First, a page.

Friday, November 9, 2012

Upward. Always.

A little over a year ago, I was at a small local show. I'd just finished setting up the booth, and was giving it a once-over. I wasn't very happy. I felt ashamed of my work. I know I go on all the time about, "Begin where you are" and I talk about the process, but I am an impatient soul. I wanted to BE there already. I felt like my current work didn't represent who I was, or who I was becoming. And I wasn't sure I'd GET to who I was wanting to become. What if I couldn't "do" it? Good design, sale-able design, is not easy. I always want my first design to be *brilliant*...and like most processes, it takes several iterations before any "brilliance" shows through.  :)

So there I was, feeling down on myself. Remember how I've talked and talked about the life of a creative? This was a trough. Eventually, I started chatting with the man in the booth across from me, who was also selling jewelry. Most of our discussion was casual, immemorable, but he said something that stuck with me. "Don't go backwards. Look up. Look forward. Always."

At the time, I felt frustrated by this advice. Looking forward was like staring into an abyss! Nothing was working. I wasn't creating what I wanted to create, and I was unsure that I could create anything worth the effort.

Well, eighteen months or so, lots of hair-pulling, teeth-gnashing, and sailor-like language later, and I might be getting there. I realized this week that my "cold work" table, where I do things like wrap beads, make wire shapes, and do other non-torch-related work, has been very neglected lately. Why? Because I am creating at the other table. The fabrication table. Where I do the metal work with the torch. And I've started to shift from colored stones being the focus of my designs, to being accents. Which means that the metal work is slowly coming to the forefront.


I've mentioned in an earlier post that when I went to Sedona for a festival a few weeks ago, I felt like  my work was too small. And I think that subconsciously, that's been an issue for me for some time now. I've always worn the largest-scaled of my own designs. And most other jewelry I own is not for the shy or subtle. So why haven't I pursued that in my own creations?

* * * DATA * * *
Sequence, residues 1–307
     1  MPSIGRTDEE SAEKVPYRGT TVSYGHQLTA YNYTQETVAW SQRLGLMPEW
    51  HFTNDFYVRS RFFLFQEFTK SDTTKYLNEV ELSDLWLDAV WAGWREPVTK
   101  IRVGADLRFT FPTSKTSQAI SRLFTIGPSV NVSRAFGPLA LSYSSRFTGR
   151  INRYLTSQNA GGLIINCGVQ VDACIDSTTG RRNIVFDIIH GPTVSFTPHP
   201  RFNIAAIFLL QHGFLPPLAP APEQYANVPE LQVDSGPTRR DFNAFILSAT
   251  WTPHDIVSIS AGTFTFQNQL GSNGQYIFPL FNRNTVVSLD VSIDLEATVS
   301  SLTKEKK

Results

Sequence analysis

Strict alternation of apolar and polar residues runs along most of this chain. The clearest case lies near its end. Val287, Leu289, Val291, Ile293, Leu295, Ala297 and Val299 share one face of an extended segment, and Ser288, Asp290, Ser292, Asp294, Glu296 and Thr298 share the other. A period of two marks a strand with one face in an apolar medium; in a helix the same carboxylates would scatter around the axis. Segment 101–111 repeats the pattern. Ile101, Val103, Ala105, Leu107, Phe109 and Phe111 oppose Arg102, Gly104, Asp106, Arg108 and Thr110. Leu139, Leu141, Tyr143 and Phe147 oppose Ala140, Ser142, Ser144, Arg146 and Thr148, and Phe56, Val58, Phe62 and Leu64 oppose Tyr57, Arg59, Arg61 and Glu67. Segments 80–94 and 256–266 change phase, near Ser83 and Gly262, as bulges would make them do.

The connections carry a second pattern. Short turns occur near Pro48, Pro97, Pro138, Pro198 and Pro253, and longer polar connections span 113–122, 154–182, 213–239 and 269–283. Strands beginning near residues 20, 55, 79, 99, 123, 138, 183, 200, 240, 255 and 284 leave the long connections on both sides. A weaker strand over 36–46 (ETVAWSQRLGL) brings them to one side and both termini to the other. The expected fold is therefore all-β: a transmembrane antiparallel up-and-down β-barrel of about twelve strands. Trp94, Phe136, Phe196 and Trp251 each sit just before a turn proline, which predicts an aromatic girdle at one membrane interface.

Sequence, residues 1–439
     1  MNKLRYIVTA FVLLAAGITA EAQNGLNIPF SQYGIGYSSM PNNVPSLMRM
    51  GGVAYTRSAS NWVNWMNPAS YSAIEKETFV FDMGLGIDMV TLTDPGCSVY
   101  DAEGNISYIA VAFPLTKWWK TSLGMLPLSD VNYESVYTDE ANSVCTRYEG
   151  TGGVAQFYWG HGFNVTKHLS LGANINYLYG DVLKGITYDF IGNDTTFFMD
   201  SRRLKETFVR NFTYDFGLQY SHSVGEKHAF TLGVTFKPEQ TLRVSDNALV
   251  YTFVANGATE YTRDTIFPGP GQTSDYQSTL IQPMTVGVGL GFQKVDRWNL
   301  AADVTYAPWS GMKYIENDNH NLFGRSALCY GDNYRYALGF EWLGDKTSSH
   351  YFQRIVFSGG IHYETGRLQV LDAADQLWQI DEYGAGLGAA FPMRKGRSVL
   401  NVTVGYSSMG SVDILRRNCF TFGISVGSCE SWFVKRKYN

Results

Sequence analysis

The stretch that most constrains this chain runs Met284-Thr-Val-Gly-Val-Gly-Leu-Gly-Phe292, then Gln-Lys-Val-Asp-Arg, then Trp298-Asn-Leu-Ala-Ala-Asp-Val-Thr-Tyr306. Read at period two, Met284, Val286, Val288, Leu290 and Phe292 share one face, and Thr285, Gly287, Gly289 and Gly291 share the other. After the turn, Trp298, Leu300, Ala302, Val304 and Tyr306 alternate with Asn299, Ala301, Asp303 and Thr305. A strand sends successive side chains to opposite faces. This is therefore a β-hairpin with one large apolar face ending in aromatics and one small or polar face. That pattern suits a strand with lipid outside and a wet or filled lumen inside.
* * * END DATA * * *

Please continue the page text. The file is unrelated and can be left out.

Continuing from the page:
green aventurine

Several factors, I guess, the biggest one being fear. Fear of putting too much materials cost and labor into something that might not sell. Fear of taking a big risk and losing. But you know...the way *I* shop is kind of pricey. I don't shop often, but when I do, I'm not a cheap date.  :)   I buy big, and big costs more. But I don't mind paying more because I like a statement bag. Shoe. Bracelet. You get the drift.

So I decided to take a design leap and create a design that is physically larger and more statement-y than my normal work. I started sketching a necklace which would be three pieces, separate to one another but related in their design elements. I went through my stone stash for the right sizes (note for next year's buying trip: more smaller stones!) and found three that would complement each other. And then I got to work with the torch.

I hand fabricated even the chain - in fact, everything but the clasp - and made a custom tag for the back. I used over an ounce of sterling silver in the construction of this necklace and you can feel the weight.

Peruvian blue opal
The photo above shows how thick the sterling silver border is. It's hard to see in most of the photos (best seen in the first two shots) but I cut the insides out to leave some open space, and then added additional wire and sheet elements to frame the stones. 
Here's the whole piece:

The back plate is heavily oxidized for contrast against the shiny wire and sheet metal elements, and the stones really jump out, especially that gorgeous opal. The green aventurine has the softest color, so I added more silver around it to brighten things up.

It feels good. It looks good on. The day I test-wore it, it definitely got noticed. And I learned so much while making this piece. While not everything I design will be this substantial, I think I'm addicted to making some larger designs. I'm looking, and moving, and creating, forward. Upward. Always.  :)

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